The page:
I had lunch recently with several friends whom I hadn’t seen in a while. We had a lot of catching up to do: kids, spouses, milestones, travel plans, career moves, etc.
I heard about one daughter who was "killing it" at her job, and another daughter who was both on a fast-track in her career and enveloped in a deeply satisfying relationship. I heard about idyllic family vacations and holiday get-togethers.
Naturally, at our age, there were complaints here and there. But overall, my friends were in good health and the trajectories of their collective life paths were on the rise, if not soaring. In short, family life for each was portrayed as a deeply satisfying journey.
To my surprise, I found myself unable to relate. Don’t get me wrong; I am satisfied with my family. But without a doubt, family life has been the hardest arena in which I’ve ever played: many bitter and anxious moments, lots of sorrow mixed in with all the joy. Had my friends and I been sitting in some "Fiddler on the Roof"-type shtetl bar, they would all be singing, "L’chaim, l’chaim, to life!" while I’d be at another table crooning lyrics from "Sunrise, Sunset" about "one season following the other, laden by happiness and tears."
Perhaps this is because I spend an inordinate amount of time pondering my family - family relationships, family history, family gatherings, family unity - and the overall value, meaning, purpose and persuasion of family life.
And yes, I may be overthinking it, spending too much energy sweating over details nobody cares about, or noticing stuff that bypasses everyone else’s attention. I am aware that my instincts don’t often track with other norms and rules of engagement, which is why I’d be the one singing about happiness and tears instead of a rousing chorus of a Yiddish and Hebrew toast to life.
However, I also acknowledge and accept that the biggest arguments I’ve ever had in my life were with my most-trusted, beloved family members.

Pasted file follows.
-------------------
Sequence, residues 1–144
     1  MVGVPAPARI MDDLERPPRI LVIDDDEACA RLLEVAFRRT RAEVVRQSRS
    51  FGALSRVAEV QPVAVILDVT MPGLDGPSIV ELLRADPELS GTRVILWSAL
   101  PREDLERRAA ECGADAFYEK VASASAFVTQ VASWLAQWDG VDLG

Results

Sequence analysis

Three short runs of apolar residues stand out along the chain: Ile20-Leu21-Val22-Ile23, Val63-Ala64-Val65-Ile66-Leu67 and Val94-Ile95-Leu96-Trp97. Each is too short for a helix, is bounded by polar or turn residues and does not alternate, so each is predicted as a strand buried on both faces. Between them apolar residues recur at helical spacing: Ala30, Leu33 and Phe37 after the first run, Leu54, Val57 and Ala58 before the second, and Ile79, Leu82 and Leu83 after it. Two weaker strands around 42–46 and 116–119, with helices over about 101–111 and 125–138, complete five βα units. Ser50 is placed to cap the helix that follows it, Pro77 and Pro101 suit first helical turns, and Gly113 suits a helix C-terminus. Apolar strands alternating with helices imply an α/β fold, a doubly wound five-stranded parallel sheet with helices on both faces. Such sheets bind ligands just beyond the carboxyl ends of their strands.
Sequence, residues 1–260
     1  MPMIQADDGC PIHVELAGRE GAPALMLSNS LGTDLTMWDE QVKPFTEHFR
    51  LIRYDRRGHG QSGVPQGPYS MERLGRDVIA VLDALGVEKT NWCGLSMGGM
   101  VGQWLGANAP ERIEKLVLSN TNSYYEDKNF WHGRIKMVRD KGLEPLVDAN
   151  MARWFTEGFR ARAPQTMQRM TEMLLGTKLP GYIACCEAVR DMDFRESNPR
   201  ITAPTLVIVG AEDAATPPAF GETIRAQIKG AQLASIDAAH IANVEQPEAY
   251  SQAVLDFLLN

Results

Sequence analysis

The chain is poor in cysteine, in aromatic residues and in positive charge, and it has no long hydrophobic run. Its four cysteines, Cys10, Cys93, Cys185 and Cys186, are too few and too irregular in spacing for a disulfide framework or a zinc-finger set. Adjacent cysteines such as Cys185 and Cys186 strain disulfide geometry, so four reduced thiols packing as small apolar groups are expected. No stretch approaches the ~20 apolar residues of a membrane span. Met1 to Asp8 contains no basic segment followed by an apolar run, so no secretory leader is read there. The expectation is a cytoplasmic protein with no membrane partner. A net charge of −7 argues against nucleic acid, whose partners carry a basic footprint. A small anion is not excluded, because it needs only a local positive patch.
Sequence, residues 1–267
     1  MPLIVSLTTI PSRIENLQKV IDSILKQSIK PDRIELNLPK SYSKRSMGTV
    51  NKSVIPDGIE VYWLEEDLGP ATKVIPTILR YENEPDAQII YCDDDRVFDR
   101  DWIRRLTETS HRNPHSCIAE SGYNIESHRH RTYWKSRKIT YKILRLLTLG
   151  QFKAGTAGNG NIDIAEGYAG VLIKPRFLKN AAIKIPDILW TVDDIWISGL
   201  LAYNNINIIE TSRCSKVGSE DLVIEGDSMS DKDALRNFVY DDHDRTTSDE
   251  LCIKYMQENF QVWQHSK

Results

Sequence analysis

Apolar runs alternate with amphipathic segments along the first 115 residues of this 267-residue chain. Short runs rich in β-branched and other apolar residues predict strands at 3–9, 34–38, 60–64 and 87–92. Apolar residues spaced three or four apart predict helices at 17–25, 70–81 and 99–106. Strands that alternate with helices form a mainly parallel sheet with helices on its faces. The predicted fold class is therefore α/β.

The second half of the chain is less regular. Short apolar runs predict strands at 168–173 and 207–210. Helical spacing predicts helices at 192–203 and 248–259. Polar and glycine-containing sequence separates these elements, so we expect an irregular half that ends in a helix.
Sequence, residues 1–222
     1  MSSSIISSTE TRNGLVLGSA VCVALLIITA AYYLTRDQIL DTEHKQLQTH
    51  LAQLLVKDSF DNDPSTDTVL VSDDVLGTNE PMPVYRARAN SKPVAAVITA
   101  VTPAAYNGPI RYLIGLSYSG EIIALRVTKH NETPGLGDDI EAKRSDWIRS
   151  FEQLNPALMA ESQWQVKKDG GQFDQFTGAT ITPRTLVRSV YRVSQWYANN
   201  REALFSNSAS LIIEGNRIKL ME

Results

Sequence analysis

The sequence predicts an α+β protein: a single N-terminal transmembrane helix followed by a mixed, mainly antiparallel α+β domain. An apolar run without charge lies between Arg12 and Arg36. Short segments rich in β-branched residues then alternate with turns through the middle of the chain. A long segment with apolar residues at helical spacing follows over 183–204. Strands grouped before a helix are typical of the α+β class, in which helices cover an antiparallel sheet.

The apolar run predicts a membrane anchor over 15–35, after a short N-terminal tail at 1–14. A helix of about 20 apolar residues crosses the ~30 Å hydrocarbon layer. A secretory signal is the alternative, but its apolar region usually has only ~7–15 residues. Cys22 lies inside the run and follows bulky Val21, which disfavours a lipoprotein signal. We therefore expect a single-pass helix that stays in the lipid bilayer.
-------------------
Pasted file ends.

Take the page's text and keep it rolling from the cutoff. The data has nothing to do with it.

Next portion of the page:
The most significant losses have occurred among that same fellowship as well.
The highest levels of frustration and defeat I have ever experienced have come as a result of a family issue - as opposed to a money problem, a job crisis or even a health concern, which would include the stage 3 cancer diagnosis I received almost three years ago.
I’m not complaining. I’m just explaining why I can’t chit-chat about my family in the same way my friends do.
I can’t dilute my experiences and observations into catchphrases such as "She’s killing it!" or even a simple "We’re fine." I understand that for purposes of keeping a casual social event light and breezy, you can’t just throw out minutiae and a blow-by-blow commentary on everything that’s occurred in a family over the course of several months.
Life does have a kind of binary aspect to it: You’re either basically fine or you’re basically not.
However, from time to time, I do reserve the right to claim an experience of family life that has never followed any preordained path, nor has proven to be anything I had ever anticipated as a child or young adult.
For me, family life has been intricate and astonishing in all the best and worst ways I never did imagine. You might call it a blessed crapshoot. Or you might call it something else entirely, because I can’t really label it precisely. It’s been a lot of things. In fact, it’s been everything.